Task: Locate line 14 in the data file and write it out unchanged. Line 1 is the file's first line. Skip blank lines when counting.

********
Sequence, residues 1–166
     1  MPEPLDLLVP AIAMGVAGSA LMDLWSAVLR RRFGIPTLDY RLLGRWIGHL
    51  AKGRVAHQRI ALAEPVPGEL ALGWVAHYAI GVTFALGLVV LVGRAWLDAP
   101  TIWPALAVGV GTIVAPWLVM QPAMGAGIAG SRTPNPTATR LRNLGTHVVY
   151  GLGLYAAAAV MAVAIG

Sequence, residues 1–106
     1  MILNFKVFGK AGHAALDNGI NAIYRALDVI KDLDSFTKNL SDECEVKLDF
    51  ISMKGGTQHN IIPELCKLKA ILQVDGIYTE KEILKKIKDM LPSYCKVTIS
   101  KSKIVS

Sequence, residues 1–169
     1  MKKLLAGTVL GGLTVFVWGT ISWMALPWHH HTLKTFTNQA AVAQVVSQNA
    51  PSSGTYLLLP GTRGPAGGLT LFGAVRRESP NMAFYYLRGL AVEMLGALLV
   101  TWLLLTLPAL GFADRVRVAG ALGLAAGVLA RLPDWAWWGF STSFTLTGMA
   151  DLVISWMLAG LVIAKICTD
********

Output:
   151  DLVISWMLAG LVIAKICTD